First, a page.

We paired the excellent home-made breads that came out on arrival with some Moretti beer (bless his name!), and chose a very reasonably priced Gavi di communa di Gavi to accompany the meal. Attentive and knowledgeable staff made light of my many foibles, and went to great lengths to ensure we were well looked after during the meal and after.

We enjoyed a delightful artichoke and seafood salad for her, and asparagus risotto pour moi ... Your Humble Correspondent actually has a niggling dislike for those like Chef who can prepare risotto well, having failed in the effort himself an extraordinary number of times. This was followed by Saltimbucco Romagna for the lady, and a pretty little breaded veal cutlet with a lovely butter sauce that I asked to be accompanied by a juicy lemon. A small triumph, given that our last Italian excursion in the vicinity had more in common with packaged pasta than flavor or finesse.

Che Pacchia should be enjoyed with friends and boisterous colleagues rather than first-time acquaintances, but it should be enjoyed. So again, I beg those of you within wan mi-ta- (one turn of the taxi meter or Y780) to join me in patronizing this charming addition to Azabu. Its fate is in our hands, I fear. That is a serious responsibility that I feel sure you will see fit to assume. Who knows, I may never have to leave the area again!

Sadly, there is no web site to point you at.

Che Pacchia [Map]: 4th Floor Manivia Bldg, 2-5-1 Azabu Juban, Minato Ward. t: 03-6438-1185 Rating: Food: 7/10; Wine: 7/10; Service: 8/10; Ambience: 7/10; Value: ($) 8/10. Total: 37/50

Monday, 15 June 2009

Special Event at Brin de Muguet

Gentle Reader, you may recall that I recently gushed effusively about Brin de Muguet in Ogikubo. Splendid place, really, if a little removed from the hubbub and crush of areas closer to town (and the Hellhole). Delighted to let you know that there are still some seats available for a very special wine tasting this Friday at said venue for the miserly sum of Y12,600 . The menu sounds scrumptious:

Tartare and white asparagus toast (Feste lente)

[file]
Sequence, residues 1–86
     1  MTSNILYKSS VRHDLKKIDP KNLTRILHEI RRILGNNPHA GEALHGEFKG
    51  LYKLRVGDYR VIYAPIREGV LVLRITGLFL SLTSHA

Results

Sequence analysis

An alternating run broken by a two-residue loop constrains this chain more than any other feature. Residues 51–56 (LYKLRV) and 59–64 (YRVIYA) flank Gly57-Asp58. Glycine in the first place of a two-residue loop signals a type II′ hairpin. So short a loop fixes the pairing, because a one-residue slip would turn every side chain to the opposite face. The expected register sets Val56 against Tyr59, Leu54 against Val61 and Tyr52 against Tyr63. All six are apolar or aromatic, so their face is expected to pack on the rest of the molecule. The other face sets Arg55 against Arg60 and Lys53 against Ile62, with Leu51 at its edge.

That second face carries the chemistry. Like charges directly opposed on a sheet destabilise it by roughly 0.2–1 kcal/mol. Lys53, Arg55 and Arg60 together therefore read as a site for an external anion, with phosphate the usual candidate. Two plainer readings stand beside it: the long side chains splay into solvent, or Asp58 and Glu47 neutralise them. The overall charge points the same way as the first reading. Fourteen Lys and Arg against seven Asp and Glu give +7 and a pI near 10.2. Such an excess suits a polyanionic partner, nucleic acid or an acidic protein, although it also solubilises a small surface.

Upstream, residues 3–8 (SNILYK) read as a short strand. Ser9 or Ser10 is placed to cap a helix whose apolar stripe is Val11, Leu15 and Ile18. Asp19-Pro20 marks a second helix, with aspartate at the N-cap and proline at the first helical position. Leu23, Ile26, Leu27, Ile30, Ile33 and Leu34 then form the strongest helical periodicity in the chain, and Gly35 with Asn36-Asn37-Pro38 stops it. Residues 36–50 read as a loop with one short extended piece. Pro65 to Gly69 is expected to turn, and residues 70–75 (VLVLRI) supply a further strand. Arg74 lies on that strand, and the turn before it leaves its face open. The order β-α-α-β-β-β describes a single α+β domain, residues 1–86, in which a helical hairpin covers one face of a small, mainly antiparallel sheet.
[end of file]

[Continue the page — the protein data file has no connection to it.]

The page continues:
Marinated Bonito, black olive sauce (Hmm?)
Snails profitroles, parsley cream sauce (persile...)
Toulouse sausage with two kinds of mustards (Oh my!!)
Pan fried french duck filet devil sauce (Be quiet my groaning scales!)
Pineapple crumble (I shall)

All of this is matched with some special wines from Wine Prosperite:

Cristian Senez Champagne brut rose
Le blanc de Lynch Bages Bordeaux 2005
Domaine de Baron'Arques Limoux 2004
Domaine la Cabotte Chateauneuf du Pape Rhone 2005

Your Humble Correspondent shall definitely be there to bore all and sundry. For a seat, e-mail Wine Prosperite. But hasten, for with only some 11 places left it will be first-in-best-dressed. I promise to sit at the far end of the room, and speak only in a small voice. E-mail Wine Prosperite for a place at the board!

Thursday, 11 June 2009

Le Petit Courageux - a little brave indeed!

The more faithful of you, Gentle Reader, will likely be aware that your Humble Correspondent rarely takes advice on restaurants. This unpleasant character flaw is the unfortunate result of too much time around those who believe that nachos constitute food, and that Budweiser stands for beer. There has also been little willingness to lend an ear to those from the Old Dart, on the assumption that there is even less likelihood of sensible conversations about food, for reasons that should be obvious. [Disclaimer: There are a number of you from the UK and USA whom I obviously listen to avidly. Please ignore the claptrap above. You know who you are...]

So you can imagine my consternation when a British acquaintance suggested recently that we dine at a "little place" he had noticed. My pulse rate climbed when he mentioned that he had never eaten there, and I was almost quivering with fear after he told me that said restaurant had pushed a flier under his door some time ago entitling him to a 10% discount.

What a horrid man I am! How dare I doubt a man obviously seized with a passion to impress! What detestable arrogance! The restaurant, Le Petit Courageux, is two streets behind the main Motomachi shopping area in a residential area and might be a little difficult to find. But on entering, one is struck by a sense of simplicity and quiet elegance. A glance at the menu was enough to quieten my restless spirit and quicken the appetite. We were in for a treat!

Chef spent a considerable time at the famous Michelin 2-star Restaurant Richard & Christopher Coutanceau at La Rochelle in Poitou-Charentes. La Rochelle is one of the more beautiful towns in France, and the port has an extraordinary history from the time of Eleanor of Acquitaine all the way through to the present day.